17th century depiction of Catarina de San Juan

A notable example of a chino slave is Catarina de San Juan (Mirra), an Indian girl captured by the Portuguese and sold into slavery in Manila. She arrived in New Spain, became well known for her religious piety and eventually became associated with the "China Poblana".

The estimate of the number of Asian immigrants during the Colonial era range from 40,000 to 120,000.[4] By comparison, during the Colonial era, Mexico received about half a million Europeans and 250,000 Africans. These early Asian individuals, the foundation of the cuarta raíz, are not very apparent in modern Mexico for a few reasons: relatively small numbers, the widespread mestizaje (racial mixing) of Colonial Mexico and the common practice of chino slaves to "pass" as indios (the indigenous people of Mexico) in order to attain freedom. As had occurred with a large portion of Mexico's black population, over generations the Asian populace was absorbed into the general Mestizo population. Facilitating this miscegenation was the assimilation of Asians into the indigenous population. The indigenous people were legally protected from chattel slavery, and by being recognized as part of this group, Asian slaves could claim they were wrongly enslaved.

Many Filipinos (both free and enslaved) worked on coconut plantations in the Southwest. There are examples of free Filipinos who held land, including Andrés Rosales who owned twenty-eight coconut palms in 1619.[4] Asians were active in the politics of Colima; enough so that the position alcalde de los chinos (Mayor of the Chinos) was created.[4]

In the years 1613 through 1620, several diplomatic missions occurred on behalf of Japan to the Vatican in Rome, traveling through New Spain (arriving in Acapulco and departing from Veracruz) and visiting various ports-of-call in Europe. Although the final destination was not Mexico, this mission is viewed as the beginning of Japan–Mexico relations. They were led by Hasekura Tsunenaga, who was accompanied by more than one hundred Japanese Christians as well as twenty-two samurai under the shōgun Hideyoshi Toyotomi. A fight occurred in 1614 in which a Japanese samurai stabbed a Spanish soldier. This was witnessed and recorded by historian Chimalpahin, who descended from an Aztec nobleman. Some of Tsunega's delegation would stay and marry with the locals.[11]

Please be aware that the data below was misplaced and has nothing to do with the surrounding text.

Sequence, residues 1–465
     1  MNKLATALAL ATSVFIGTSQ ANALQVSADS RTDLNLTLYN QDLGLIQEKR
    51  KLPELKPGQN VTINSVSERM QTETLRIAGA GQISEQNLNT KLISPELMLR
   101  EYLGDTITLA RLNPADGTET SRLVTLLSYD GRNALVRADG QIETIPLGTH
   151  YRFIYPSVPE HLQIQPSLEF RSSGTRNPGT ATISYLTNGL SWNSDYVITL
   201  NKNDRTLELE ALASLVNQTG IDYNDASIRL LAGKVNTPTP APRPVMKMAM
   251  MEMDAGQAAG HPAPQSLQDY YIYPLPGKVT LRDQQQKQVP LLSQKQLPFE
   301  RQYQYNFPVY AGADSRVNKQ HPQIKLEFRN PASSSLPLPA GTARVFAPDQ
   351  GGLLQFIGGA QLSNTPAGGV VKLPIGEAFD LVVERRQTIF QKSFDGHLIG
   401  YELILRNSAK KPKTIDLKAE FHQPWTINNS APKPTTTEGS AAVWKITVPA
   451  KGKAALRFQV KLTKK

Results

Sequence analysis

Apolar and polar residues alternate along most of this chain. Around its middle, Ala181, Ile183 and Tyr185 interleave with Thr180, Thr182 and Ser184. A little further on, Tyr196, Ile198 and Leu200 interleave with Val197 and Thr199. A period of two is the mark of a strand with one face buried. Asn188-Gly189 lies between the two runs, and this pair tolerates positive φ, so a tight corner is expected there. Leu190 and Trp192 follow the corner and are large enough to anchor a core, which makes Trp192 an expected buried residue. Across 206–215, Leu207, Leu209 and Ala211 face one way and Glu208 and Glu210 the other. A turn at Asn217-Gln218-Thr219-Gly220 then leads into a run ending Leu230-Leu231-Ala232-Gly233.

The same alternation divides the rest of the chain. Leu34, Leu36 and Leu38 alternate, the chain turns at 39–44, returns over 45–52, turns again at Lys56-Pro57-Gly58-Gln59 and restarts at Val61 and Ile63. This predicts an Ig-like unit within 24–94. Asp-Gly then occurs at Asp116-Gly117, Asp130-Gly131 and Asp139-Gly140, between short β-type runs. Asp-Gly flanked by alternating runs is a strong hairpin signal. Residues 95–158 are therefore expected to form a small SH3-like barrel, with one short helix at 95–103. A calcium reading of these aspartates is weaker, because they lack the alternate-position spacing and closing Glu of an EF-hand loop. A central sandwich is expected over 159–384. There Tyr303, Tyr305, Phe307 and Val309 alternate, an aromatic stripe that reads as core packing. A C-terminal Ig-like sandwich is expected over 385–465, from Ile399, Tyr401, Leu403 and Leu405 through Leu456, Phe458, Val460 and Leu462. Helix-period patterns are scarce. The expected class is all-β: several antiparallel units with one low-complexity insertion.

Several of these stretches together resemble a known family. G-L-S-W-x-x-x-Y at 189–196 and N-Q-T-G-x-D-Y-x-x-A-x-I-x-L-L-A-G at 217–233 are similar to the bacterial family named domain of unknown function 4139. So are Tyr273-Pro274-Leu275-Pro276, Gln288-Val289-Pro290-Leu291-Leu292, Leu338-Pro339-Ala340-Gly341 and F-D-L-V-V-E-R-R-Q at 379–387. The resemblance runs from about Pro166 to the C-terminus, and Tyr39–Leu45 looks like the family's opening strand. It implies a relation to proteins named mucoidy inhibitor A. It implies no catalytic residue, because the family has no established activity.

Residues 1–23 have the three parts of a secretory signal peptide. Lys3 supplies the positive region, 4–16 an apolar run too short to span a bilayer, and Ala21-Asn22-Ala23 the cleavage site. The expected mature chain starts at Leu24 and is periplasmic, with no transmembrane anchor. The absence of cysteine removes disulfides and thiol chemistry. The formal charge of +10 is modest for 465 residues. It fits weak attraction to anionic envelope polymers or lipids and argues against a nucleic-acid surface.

A notable case of free Asians working in an urban setting is the 1635 conflict between chino and Spanish barbers in Mexico City. The legal case resulted in the expulsion of the Asians from the city center, limit on their numbers to twelve and prohibition on adopting Asian apprentices.[4] Nonetheless, a 1667 document from the Real Audiencia details the attempt to limit the more than one hundred barber shops run by Asians without a license to twelve.[4]

Some chinos (especially Filipinos who were Spanish subjects) held certain rights not afforded to most indigenous peoples (indios), such as carrying a sword/dagger or riding a horse.[4] Examples exist of chinos proving their standing to authorities in order to carry arms; such as the 1654 case of Marcos de Villanueva, arguing that his people helped quell a sangley rebellion in Manila. Others argued that carrying arms were a necessity when traveling through remote areas with merchandise. The most privileged Asians were the samurai that remained in Mexico from the Japanese envoys.[4]

After Independence[edit]

Japanese immigrant workers at the mine of Cananea, Sonora in the 1910s.

Japanese immigration began in earnest in 1888 after the signing of a treaty to allow citizens of both countries the ability to travel to the other and establishing consulates.[12] Mexico was the first Latin American country to receive organized Japanese immigration in 1897,[13] with the first thirty five arriving to Chiapas under the auspices of Viscount Enomoto Takeaki, with the permission of president Porfirio Díaz. The very first settlement was based on coffee production but failed for various reasons including the fact that not all of the colonists were farmers and many became sick with tropical diseases. Many from this colony dispersed but there remains a small Japanese community in Acacoyagua, Chiapas.

Modern Korean immigration to Mexico began in 1905. The first 1,033 Korean migrants settled in Yucatán as workers in henequen plantations.[14]